Here lay the black heart of the forest, its slow, languid pulse echoing in misty sighs between twisted bracken. Between warped roots of blackened trees is the cratered pit of the coven, an unholy clearing where hags consort with fiends and worse in the hours of night where goodly men lay sleeping. Fearful of neither god nor death, these seven sisters practice all manner of blasphemy, cavorting with devils and laying in orgiastic excess with imps and beast alike. Their spawn lurk in the shadows of the underbrush; malformed creatures unfit for the courts of hell or the lands of earth.
Central to the crater is a cauldron of scorched iron nestled between tumorous, knotted roots dredged from the soil by witchcraft. Otherworldly flames lick at it from a hole below, which smells of sulfur and surely leads to the hellish underworld of demons.
Seven huts stand, delved into the walls of the crater, at six points around the periphery of the grove. Their doorways curse the firstborn of whoever enters with boils and pustulent sores. To touch their iron doorknobs results in a save vs stone; failure is to be petrified. The eaves of their thatched roofs are decorated with desiccated birds and bats strung through like garland on thorny vines; these are undead alarms and will shriek if intruders enter the building without first disabling the magical spell that animates them.
The trampled footpaths between each hovel form a seven-pointed star with the cauldron at its center. Bones litter the paths and crunch underfoot like a hideous gravel.
Each day of the week, a different hag stands watch over the crater while the others tend to their business elsewhere in the mortal world or the boudoirs of devil princes. They stir about their homes anxiously, wander the pathways while muttering cruel utterances against the offices of mankind and their religions, and perform dreadful rituals.
Each night, the sisters convene at the grove to dance among the mangled trees, concoct poisons, perform sacrifices, and do their dastardly deeds of deviltry.
A three-eyed piglet suckles at her breast. Has no eyes of her own.
Reeks of onions. Screams a demon’s name constantly. Spits blood.
Surrounded by imps who constantly pleasure themselves. Leper.
Shaggy and infested with fleas. Scratches scar her body. Hat made of rats.
Beautiful, alluring, wreathed in acrid smoke. Vomits to mark the hours.
Persistent cough. Wears a crown of thorns and carries a devil’s hand.
Cusses loudly. Carries a cudgel of bone. Nude, and painted with blue ink.
- Each hag knows 1d6 spells from whatever list the DM chooses.
- Each hag also knows one demon’s or devil’s true name, a secret about the underworld or other profane things, and can create minor magical effects or illusions at will.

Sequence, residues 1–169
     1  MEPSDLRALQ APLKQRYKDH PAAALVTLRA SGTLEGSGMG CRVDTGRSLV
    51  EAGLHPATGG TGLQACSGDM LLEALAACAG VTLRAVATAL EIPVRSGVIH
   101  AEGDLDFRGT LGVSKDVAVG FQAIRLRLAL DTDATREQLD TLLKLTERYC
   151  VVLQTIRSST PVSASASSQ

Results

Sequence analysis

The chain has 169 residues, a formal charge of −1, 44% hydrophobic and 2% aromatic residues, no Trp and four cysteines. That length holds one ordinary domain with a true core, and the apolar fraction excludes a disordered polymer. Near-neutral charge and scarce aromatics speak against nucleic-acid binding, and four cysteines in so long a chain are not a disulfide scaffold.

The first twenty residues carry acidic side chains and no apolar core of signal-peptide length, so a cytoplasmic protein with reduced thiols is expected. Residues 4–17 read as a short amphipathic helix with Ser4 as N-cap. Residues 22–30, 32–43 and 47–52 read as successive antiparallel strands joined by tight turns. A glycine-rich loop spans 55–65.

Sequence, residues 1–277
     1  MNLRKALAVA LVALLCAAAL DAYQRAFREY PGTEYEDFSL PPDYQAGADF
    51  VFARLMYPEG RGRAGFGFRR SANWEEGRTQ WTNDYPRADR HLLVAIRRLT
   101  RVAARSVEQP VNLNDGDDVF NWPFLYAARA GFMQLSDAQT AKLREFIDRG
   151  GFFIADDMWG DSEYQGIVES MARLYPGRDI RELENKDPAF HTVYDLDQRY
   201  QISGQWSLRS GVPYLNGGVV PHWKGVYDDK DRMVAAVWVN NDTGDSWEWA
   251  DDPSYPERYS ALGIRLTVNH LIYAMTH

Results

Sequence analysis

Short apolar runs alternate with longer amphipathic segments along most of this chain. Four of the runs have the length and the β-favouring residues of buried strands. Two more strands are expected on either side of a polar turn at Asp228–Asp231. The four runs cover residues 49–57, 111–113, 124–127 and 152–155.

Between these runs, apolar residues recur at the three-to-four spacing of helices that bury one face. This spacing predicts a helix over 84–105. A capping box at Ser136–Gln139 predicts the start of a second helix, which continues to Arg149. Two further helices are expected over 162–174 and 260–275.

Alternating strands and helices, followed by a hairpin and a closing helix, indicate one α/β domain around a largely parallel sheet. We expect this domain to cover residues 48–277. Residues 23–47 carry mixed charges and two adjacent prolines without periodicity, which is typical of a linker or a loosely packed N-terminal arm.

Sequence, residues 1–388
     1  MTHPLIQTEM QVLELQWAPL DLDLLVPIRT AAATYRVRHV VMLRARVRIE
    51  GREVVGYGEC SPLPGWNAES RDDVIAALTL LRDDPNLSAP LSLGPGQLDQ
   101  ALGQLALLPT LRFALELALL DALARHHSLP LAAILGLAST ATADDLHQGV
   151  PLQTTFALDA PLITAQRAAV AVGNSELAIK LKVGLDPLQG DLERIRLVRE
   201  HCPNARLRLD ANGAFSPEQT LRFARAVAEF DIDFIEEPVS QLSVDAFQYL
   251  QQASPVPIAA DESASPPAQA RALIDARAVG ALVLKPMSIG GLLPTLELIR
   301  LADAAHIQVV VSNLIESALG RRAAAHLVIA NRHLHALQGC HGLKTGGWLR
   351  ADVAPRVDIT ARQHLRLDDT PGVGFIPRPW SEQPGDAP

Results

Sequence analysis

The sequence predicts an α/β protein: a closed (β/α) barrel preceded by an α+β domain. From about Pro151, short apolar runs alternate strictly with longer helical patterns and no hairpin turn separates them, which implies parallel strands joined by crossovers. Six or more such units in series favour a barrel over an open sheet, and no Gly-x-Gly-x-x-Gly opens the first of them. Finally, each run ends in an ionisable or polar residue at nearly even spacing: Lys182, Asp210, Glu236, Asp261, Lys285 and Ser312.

- Each hag knows rituals of summoning and binding the unholy.
- When a hag is slain, their house ceases to be alarmed and trapped.
- Each hag may know spells one level higher than the previous hag at the DM’s discretion.
- When a hag is slain, her sisters will notice and reinforce their camp with one lesser demonic/evil entity (DM’s choice of which) per sister lost – meaning that if Berthilda is killed on Tuesday, Agartha stands watch on Wednesday with one demonic spawn; when Agartha and her spawn are slain, Aethilde stands watch on Thursday with a cohort of two demons. They will naturally also lay traps and prepare, meaning subsequent visits to the grove will be progressively more difficult.
In each hag’s home is a 2-in-6 chance of magical treasure and sundry mundane (if weird) objects. When searched, a hag’s hovel houses treasure on a 5-6 result. Roll 1d12 below for any hovel containing treasure.
Devil’s Eye – Gives the bearer the ability to impose fear on beings of demonic or devilish descent of equal or lesser HD. Halve a creature’s morale resolve. Withers to dust when used.
Jar of Newt Sauce – Slathered on or ingested, it absolves mortals of the need to breathe for one full day. It smells like fish, tastes like wet paper, and contains enough for six applications.
Serpent Stick – A twig which can be commanded to become an illusory snake up to 10’ long. It’s mostly smoke and mirrors and cannot interact much with the world.
Torn Face – A leathery human face peeled from an unlucky serf. If put on like a mask, it magically affixes and becomes a seamless disguise for one full day before desiccating.
Astrolabe – Gives an educated owner (INT 12+) the ability to read the stars for a daily horoscope, offering a +1 bonus to a check (player choice) and a -1 penalty to another (DM’s choice).
Cursed Grimoire – Gives a magic-user the ability to roll to learn a spell. If they fail, they roll 1d100, and on a result of 1-30, they are cursed by the DM’s choice of unfortunate event.